Hosea 14:8

8. Ephraim shall say, What have I to do any more with idols? I have heard him, and observed him: I am like a green fir tree. From me is thy fruit found.

8. Ephraim, quid mihi adhuc cum idolis? 1 Ego respondi et respexi eum (vel, exaudivi:) Ego tanquam abies frondosa: a me fructus tuus inventus est.


The Prophet again introduces the Israelites speaking as before, that they would deplore their blindness and folly, and renounce in future their superstitions. The confession then which we have before noticed is here repeated; and it is a testimony of true repentance when men, being ashamed, are displeased with themselves on account of their sins, and apply their minds to God's service, and detest their whole former life. To this subject belongs what the Prophet now says. It is a concise discourse; but yet its brevity contains nothing obscure. Ephraim, he says, What have I to do with idols? There is indeed a verb understood, 'Ephraim "shall say", What have I to do with idols?' But still it is evident enough what the Prophet means. There is then in these words, as I have said, a sincere confession; for the ten tribes express their detestation of their folly, that they had alienated themselves from the true God, and became entangled in false and abominable superstitions: hence they say, What have we to do with idols? and when they add, any more, they confess that their former life had been corrupt and vicious: at the same time they announce their own repentance, when they say that they would have nothing more to do with fictitious gods.

The reason follows, because God will hear and look on Israel, so as to become to him a shady tree. Some so explain this, as though God promised to be propitious to Israel after they had manifested their repentance. But they pervert the sense of the Prophet; for, on the contrary, he says, that after the Israelites shall perceive, and find even by the effect, that God is propitious to them, they will then say, "How foolish and mad we were, while we followed idols? It is now then time that our souls should recumb on God." Why? "Because we see that there is nothing better for us than to live under his safeguard and protection; for he hears us, he regards us, he is to us like a shady tree, so that he protects us under his shadow." We now perceive how these two clauses are connected together; for God shows the reason why Ephraim will renounce his idols because he will perceive that he was miserably deceived as long as he wandered after his idols. How will he perceive this? Because he will see that he is now favoured by the Lord, and that he was before destitute of his help. When God then shall give such a proof to his people, he will at the same time produce this effect, that they will cast away all false confidences, and confess that they were miserable and wretched while they were attached to idols. He therefore says, I have heard and favoured him. What is then later in the words of the Prophet goes before; it precedes in order of things this clause, Ephraim shall say, What have I to do with idols?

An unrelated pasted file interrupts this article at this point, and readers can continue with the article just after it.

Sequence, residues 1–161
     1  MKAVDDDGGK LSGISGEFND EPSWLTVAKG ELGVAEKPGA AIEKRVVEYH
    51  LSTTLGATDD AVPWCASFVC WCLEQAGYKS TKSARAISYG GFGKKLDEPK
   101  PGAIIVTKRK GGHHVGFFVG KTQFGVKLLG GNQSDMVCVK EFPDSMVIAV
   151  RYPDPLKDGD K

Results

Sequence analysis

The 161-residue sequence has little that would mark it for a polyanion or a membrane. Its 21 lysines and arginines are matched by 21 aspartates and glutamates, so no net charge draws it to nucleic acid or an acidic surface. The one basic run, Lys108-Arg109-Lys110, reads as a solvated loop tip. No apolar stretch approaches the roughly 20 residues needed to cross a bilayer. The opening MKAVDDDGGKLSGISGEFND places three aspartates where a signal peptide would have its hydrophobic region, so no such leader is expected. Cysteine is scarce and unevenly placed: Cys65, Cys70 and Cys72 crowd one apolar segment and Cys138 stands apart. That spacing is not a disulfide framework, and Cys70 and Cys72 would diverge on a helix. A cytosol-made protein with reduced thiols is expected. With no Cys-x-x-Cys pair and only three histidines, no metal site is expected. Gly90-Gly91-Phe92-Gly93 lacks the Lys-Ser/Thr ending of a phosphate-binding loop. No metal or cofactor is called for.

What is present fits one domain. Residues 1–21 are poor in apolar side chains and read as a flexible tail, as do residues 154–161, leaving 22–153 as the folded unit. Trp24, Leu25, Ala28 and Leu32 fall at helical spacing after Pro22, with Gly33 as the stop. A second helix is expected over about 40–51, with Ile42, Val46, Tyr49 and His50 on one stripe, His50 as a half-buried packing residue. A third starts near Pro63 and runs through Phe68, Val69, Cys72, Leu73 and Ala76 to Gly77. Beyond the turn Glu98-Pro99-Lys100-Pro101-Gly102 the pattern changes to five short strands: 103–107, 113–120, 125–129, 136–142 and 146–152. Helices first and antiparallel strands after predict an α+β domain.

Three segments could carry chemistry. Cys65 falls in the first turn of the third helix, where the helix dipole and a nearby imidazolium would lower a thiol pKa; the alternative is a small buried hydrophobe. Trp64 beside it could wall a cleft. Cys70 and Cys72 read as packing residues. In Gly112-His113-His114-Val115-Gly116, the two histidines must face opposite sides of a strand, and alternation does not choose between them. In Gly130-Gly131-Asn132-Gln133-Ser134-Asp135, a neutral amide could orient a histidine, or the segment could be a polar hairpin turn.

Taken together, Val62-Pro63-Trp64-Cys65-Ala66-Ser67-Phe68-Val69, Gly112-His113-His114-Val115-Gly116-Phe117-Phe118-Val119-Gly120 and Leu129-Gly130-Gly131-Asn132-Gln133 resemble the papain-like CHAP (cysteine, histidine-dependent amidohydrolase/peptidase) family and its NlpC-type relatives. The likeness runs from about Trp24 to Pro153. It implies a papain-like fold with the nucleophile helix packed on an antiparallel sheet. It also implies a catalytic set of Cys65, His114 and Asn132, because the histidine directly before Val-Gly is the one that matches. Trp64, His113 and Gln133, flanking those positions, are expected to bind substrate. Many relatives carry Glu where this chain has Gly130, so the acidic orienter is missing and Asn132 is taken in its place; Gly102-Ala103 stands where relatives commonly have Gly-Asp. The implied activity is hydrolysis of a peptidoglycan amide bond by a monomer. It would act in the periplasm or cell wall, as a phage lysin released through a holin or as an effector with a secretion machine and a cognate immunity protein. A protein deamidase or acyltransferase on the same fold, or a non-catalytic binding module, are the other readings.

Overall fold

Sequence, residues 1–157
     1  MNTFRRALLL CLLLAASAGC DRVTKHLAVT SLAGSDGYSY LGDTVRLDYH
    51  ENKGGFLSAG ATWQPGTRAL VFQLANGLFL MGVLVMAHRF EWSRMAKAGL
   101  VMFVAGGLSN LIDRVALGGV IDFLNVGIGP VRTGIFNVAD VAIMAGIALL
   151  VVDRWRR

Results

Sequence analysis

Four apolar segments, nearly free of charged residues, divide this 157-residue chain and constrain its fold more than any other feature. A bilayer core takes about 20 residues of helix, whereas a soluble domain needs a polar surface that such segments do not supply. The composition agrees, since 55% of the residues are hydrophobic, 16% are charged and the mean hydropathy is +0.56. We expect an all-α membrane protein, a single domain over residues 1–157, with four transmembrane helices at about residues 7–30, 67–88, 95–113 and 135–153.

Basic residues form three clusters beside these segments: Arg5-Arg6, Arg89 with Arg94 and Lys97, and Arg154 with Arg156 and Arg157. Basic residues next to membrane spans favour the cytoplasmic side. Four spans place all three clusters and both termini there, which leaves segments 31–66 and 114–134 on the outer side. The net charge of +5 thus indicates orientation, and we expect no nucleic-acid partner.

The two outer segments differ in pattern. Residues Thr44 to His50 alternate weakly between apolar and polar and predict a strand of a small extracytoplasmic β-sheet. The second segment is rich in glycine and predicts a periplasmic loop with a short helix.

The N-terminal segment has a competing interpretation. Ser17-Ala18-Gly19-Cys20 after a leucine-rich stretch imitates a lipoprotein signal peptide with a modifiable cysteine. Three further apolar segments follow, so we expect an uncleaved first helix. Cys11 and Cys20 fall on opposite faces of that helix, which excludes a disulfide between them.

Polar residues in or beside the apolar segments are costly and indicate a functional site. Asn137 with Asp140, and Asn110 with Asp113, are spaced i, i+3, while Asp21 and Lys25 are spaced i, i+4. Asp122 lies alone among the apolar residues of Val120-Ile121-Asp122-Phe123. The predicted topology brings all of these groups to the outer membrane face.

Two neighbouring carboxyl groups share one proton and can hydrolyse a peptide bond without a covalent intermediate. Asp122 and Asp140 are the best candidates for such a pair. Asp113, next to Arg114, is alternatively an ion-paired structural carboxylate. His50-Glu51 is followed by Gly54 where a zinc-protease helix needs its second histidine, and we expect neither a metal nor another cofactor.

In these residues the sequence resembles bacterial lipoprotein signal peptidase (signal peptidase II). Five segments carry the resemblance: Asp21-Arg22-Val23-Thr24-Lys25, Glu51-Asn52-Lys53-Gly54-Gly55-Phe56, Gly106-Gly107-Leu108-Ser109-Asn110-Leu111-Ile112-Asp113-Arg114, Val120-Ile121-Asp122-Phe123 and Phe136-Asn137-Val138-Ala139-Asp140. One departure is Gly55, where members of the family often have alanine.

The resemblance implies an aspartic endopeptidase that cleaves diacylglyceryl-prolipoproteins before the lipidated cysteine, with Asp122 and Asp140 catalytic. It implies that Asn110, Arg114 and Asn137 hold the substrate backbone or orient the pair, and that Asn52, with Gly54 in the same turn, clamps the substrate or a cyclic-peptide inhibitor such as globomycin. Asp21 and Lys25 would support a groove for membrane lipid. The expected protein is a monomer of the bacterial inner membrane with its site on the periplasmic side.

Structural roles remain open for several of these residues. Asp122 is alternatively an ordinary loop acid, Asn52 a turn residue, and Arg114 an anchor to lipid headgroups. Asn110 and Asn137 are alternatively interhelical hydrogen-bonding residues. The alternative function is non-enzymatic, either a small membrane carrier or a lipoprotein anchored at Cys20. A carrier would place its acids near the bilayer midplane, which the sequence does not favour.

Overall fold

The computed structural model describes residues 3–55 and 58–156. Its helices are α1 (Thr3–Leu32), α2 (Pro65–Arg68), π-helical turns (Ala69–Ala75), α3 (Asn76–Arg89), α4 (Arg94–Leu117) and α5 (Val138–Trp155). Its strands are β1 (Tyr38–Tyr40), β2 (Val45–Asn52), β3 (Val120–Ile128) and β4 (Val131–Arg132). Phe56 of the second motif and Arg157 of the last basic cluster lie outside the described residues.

In saying, I will be as a shady fir-tree, and adding at the same time, From me is thy fruit found, the two similitudes seem not to accord; for, as it is well known, the fir-tree bears no fruit. Why then is fruit mentioned? The answer is that these two similitudes are not connected. For when God compares himself to a fir-tree, he speaks only of protection: and we know that when one seeks a cooling shade, he may find it under a fir-tree; besides, it is always green, as we all know, when leaves fall from other trees; and further, its height and thickness afford a good shadow. The reason, then, why God promises to be like a fir-tree to his people is this, because all who will fly under his shadow shall be preserved from the heat. But the meaning of the second similitude, that God would supply his people with fruit, is different. The Prophet had said before that the Israelites would be like a tree, which fixes its roots deep in the ground. He now transfers the name of a tree to God. Both these things are true; for when God makes us fruitful we are branches set in the best vine; and it is also true, that the whole fruit we have is from him; for all vigour would fail us, except God were to supply us with moisture, and even life itself. We now then see that there is no inconsistency in the words of the Prophet, as the object is different. From me then is thy fruit found; as though God said, that the Israelites, if wise, would be content with his favour; for they who seek support from him will be satisfied; because they will find from him fruit sufficiently rich and abundant. We now then understand what is meant. But it follows --

1 Horsley renders the first clause thus, -- "Ephraim! What have I to do any more with idols?" He considers it "the exultation of Jehovah over idols;" but the expression is so strange, taken in this sense, that the opinion cannot be entertained. It is doubtless the confession of Ephraim, as most commentators regard it. Newcome's emendation, founded only on the Septuagint, is no less admissible, -- "What hath Ephraim to do any more with idols?" He changes yl into wl. Our version and Calvin's is no doubt the best, most striking, and affording the best sense. -- Ed.